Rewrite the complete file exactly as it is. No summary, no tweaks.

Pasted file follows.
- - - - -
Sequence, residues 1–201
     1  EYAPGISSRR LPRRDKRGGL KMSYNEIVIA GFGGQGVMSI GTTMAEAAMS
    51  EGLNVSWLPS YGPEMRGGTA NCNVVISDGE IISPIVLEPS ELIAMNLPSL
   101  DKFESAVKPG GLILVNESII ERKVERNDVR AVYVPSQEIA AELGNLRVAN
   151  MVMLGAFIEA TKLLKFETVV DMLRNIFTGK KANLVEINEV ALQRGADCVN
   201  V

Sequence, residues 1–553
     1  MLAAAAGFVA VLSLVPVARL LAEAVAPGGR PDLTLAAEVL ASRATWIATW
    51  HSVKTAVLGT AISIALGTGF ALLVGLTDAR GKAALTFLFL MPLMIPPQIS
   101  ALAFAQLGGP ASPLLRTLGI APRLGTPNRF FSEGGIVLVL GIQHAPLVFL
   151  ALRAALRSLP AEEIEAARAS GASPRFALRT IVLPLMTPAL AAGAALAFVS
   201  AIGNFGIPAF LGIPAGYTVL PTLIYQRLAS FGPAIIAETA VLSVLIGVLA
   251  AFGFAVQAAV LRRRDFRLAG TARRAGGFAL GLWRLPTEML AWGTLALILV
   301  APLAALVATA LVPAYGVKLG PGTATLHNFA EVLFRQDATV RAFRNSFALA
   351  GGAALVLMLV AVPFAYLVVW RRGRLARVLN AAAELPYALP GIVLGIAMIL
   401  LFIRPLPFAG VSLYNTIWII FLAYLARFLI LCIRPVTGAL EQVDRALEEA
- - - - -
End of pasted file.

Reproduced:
Sequence, residues 1–201
     1  EYAPGISSRR LPRRDKRGGL KMSYNEIVIA GFGGQGVMSI GTTMAEAAMS
    51  EGLNVSWLPS YGPEMRGGTA NCNVVISDGE IISPIVLEPS ELIAMNLPSL
   101  DKFESAVKPG GLILVNESII ERKVERNDVR AVYVPSQEIA AELGNLRVAN
   151  MVMLGAFIEA TKLLKFETVV DMLRNIFTGK KANLVEINEV ALQRGADCVN
   201  V

Sequence, residues 1–553
     1  MLAAAAGFVA VLSLVPVARL LAEAVAPGGR PDLTLAAEVL ASRATWIATW
    51  HSVKTAVLGT AISIALGTGF ALLVGLTDAR GKAALTFLFL MPLMIPPQIS
   101  ALAFAQLGGP ASPLLRTLGI APRLGTPNRF FSEGGIVLVL GIQHAPLVFL
   151  ALRAALRSLP AEEIEAARAS GASPRFALRT IVLPLMTPAL AAGAALAFVS
   201  AIGNFGIPAF LGIPAGYTVL PTLIYQRLAS FGPAIIAETA VLSVLIGVLA
   251  AFGFAVQAAV LRRRDFRLAG TARRAGGFAL GLWRLPTEML AWGTLALILV
   301  APLAALVATA LVPAYGVKLG PGTATLHNFA EVLFRQDATV RAFRNSFALA
   351  GGAALVLMLV AVPFAYLVVW RRGRLARVLN AAAELPYALP GIVLGIAMIL
   401  LFIRPLPFAG VSLYNTIWII FLAYLARFLI LCIRPVTGAL EQVDRALEEA